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Three cheers for the Aga Khan

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The Aga Khan's architecture awards are surely the most impressive in the world. Set up in 1977 to celebrate buildings and planning schemes that can help improve life in countries 'in which Muslims have a significant presence', the triennial awards have been given to work mostly in Asia and Africa as different as housing for the very poorest, office towers, urban parks and squares, villas for the wealthy, rehabilitation of slums, conservation of palaces, fortresses and ancient walled cities.

Out of hundreds of projects submitted, the couple of dozen selected as finalists are visited and examined carefully in use by an architect or professionally qualified assessor. Their resulting reports form the basis for the Master Jury's decisions about what to award and how to split up the half million-dollar prize money. As far as I know, the Aga's awards are the only ones which involve performance in use, and which are given not only to architects, but also to clients, builders, and craftsmen. The prize money is divided in each case according to the assessors' recommendations, and at the awards ceremonies, black carpenters from central Africa, magnificently turbanned in traditional dress, are lined up with sharp-suited western planners, white-robed Arabs and elegant Chinese from Malaysia and Singapore.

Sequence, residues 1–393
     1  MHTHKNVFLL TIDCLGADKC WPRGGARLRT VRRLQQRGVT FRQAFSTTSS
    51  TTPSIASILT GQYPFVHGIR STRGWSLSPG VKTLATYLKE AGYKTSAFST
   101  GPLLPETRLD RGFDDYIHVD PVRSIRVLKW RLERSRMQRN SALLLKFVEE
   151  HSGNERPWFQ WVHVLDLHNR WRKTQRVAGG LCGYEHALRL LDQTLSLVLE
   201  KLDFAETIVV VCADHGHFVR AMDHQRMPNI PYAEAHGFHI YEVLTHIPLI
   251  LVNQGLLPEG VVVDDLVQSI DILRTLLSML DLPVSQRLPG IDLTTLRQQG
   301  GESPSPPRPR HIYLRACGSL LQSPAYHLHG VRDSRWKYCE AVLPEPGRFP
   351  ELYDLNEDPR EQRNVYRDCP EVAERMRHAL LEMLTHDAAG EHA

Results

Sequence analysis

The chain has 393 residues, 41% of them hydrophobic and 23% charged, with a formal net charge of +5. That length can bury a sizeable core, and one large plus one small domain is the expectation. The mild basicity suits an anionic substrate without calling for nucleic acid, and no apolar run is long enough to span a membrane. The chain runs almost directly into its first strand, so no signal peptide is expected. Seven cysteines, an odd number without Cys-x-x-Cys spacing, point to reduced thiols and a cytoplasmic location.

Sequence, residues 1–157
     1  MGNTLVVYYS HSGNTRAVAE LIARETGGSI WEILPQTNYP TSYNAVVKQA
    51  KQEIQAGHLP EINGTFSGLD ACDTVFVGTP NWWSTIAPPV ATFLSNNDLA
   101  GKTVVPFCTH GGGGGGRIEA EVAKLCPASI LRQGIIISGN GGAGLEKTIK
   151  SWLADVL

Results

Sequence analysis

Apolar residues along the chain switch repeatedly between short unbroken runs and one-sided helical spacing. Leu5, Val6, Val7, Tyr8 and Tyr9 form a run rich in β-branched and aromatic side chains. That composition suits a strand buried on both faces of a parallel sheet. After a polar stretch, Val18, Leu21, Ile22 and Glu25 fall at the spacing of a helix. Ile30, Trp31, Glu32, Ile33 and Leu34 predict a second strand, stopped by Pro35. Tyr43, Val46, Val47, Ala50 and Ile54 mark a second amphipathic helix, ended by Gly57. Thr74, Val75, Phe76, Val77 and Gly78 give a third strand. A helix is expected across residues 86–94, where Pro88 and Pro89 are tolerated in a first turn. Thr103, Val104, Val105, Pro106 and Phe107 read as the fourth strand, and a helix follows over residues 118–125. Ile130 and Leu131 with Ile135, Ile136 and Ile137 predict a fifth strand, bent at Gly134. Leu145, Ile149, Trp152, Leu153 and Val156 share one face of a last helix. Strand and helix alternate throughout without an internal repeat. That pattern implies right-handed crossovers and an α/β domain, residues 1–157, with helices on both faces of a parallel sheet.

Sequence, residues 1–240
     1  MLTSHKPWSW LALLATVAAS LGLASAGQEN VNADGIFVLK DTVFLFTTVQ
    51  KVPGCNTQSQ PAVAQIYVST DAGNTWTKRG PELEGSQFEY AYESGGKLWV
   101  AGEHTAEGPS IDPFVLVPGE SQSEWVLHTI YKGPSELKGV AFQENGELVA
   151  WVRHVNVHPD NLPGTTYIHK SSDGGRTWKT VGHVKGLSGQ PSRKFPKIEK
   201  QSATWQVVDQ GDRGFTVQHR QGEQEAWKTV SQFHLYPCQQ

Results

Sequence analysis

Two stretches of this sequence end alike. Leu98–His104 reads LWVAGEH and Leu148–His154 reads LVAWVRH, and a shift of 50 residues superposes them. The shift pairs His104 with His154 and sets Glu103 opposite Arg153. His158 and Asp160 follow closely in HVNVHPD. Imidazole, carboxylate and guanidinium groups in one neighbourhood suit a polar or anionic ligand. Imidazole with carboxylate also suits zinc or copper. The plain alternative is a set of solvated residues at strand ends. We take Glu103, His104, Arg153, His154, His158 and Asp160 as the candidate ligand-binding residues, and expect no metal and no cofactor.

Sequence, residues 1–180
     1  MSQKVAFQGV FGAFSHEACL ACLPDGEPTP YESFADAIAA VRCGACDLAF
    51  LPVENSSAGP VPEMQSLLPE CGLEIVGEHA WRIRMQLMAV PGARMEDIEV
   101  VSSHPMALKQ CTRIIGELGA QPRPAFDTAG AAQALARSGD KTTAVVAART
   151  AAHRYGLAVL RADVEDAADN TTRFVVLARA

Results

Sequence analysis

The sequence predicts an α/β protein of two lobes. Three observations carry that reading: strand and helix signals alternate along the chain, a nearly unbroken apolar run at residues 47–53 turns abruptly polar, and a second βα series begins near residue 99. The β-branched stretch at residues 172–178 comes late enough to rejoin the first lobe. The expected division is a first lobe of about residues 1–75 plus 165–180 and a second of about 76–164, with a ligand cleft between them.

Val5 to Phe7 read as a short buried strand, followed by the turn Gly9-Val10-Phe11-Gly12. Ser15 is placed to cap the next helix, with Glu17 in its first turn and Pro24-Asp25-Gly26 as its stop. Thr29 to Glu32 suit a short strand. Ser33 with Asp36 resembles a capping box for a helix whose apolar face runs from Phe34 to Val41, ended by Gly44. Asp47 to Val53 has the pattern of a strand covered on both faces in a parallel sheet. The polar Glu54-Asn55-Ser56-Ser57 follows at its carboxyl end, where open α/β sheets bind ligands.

This year's award winners are as diverse as usual. For me, the most moving is given for rehabilitation of Shibam in the Yemen. The city is one of the wonders of the world. It lies towards the head of the mythic Wadi Hadhramaut, the big green valley that runs down from the mountains of south Yemen to the Arabian Sea. The place emerges abrupt and dream-like out of the desert, a cluster of thin mud-brick 10- and 12-storey tower houses forming a compact labyrinth of lanes within a precise fortified perimeter; there are no suburbs. With German help, nearly 200 houses (about half the whole stock) have been restored, and social services have been extended. For instance, women are offered literacy and skills training; craftsmen are being taught, and agriculture in surrounding areas is being revived. Physical, social and economic structures have been enhanced, so the city and its community can be saved instead of facing imminent destruction by globalisation.

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